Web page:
Friday, November 8, 2013

Friday Featurette: Hartland grail achieved!

My dad travels a lot for work, and about 20 years ago, he came home from a trip with a special find. While on the road, he stopped for lunch and then decided to look through a nearby antique mall. When he arrived at the house later that evening, he came up the front steps grinning and said he'd found "a decorator." And he was right. It wasn't a Breyer decorator, but it was a gold Hartland 9" Mustang which was just as exciting. We didn't know much about it at the time, but eventually we learned that it had been made as a special run for a brewery. It was meant to be affixed to a sign that would have been on display in a bar.

For most of the intervening years since then, I focused mostly on collecting Breyers, but I happily bought old Hartlands when I could find them at reasonable prices. I've always liked their stylized look, especially the horses made in the 1960s, and for the last few years, I've been actively filling in gaps in my collection of horses from that era. I've also been filling in the gaps in my knowledge about Hartlands.

So, in my post about Hartland woodcuts earlier this summer, I mentioned the elusive gold woodcut 9" Mustang and included a photo of a partial set I found on Google.  According to Gail Fitch's book Hartland Horses and Dogs, the gold Mustang was issued as a special run in the late 1960s for the Mustang Malt Liquor company in Pittsburgh, PA. No one knows how many were made or even exactly when they were made, but the horses are found often enough off the beer sign that I suspect there are a reasonable number to be had. Finding models still on the beer sign and with the original beverage container is however much more unusual. I see horses with the bases only very occasionally and complete sets hardly ever. So that said, I was really pleased to be able to add this set to my Hartland collection.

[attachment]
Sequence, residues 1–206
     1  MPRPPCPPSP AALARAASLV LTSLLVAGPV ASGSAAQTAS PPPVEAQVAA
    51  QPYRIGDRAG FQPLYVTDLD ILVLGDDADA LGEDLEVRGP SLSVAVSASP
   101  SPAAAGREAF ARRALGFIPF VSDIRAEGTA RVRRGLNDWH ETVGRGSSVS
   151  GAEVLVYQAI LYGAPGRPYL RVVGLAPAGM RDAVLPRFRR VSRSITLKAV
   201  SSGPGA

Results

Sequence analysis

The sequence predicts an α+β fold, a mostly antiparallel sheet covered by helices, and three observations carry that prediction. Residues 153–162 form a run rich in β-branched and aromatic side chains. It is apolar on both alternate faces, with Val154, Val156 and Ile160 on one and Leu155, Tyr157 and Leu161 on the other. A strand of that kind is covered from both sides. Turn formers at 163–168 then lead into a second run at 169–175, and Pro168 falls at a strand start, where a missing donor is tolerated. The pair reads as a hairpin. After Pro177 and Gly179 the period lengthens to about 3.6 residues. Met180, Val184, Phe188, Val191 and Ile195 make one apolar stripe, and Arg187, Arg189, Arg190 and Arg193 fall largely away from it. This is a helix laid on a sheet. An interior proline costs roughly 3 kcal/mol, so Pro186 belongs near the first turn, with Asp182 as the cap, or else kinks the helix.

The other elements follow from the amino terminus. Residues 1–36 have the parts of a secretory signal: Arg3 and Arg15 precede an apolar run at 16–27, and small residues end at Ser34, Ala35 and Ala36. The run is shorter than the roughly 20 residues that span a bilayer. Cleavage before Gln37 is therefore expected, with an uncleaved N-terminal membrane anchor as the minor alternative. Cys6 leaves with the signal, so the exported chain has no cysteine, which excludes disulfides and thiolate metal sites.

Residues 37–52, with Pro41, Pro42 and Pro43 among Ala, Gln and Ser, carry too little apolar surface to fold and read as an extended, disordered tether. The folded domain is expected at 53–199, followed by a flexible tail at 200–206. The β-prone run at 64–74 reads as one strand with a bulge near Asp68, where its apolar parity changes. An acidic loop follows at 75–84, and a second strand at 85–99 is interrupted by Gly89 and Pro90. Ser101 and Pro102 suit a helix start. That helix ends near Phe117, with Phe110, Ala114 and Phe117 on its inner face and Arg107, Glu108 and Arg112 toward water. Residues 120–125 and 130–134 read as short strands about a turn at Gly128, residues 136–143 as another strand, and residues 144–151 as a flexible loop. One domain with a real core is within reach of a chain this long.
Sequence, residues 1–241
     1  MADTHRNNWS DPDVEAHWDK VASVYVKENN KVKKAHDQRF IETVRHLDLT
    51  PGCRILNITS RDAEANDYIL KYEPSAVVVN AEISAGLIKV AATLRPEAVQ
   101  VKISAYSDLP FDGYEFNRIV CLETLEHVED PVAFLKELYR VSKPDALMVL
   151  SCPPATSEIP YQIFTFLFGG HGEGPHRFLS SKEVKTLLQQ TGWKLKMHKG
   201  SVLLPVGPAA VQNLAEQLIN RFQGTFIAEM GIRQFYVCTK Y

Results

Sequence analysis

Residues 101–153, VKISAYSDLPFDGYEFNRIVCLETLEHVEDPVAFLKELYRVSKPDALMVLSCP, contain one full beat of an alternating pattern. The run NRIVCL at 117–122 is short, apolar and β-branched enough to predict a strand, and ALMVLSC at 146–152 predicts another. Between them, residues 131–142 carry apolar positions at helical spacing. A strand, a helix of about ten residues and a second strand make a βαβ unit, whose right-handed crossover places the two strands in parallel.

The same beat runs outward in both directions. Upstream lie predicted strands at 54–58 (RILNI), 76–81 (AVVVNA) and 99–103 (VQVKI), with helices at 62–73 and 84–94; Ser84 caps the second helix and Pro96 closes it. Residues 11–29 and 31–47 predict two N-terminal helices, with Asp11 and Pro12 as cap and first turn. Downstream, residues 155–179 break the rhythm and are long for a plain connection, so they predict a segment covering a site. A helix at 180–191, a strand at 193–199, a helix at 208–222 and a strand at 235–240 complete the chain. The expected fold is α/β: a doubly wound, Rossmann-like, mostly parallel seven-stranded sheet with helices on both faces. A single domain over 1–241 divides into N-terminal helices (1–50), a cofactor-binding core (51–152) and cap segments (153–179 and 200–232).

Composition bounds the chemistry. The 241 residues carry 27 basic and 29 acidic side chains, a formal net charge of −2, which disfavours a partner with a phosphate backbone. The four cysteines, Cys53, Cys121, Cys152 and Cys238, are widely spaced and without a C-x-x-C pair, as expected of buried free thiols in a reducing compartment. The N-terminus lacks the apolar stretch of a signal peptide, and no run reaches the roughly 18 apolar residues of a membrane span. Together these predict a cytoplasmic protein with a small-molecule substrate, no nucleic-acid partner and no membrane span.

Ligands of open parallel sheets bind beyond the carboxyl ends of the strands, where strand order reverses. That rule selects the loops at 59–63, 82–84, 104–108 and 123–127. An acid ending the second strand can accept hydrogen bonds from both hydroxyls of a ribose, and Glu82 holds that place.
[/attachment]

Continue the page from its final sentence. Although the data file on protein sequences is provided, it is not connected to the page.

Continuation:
Unlike the other Hartland woodcuts which were molded in colored plastic, this model is molded in white plastic and was then painted gold. The base on this example is lettered on both sides, but some are only lettered on one side. I believe the piece was meant to come with the empty glass bottle as shown here, but I have seen at least one with an aluminum can instead. I'm not sure if it came both ways or if the can was a replacement for a presumably broken or lost bottle. Either way, it's a fun bit of breweriana and Hartland history.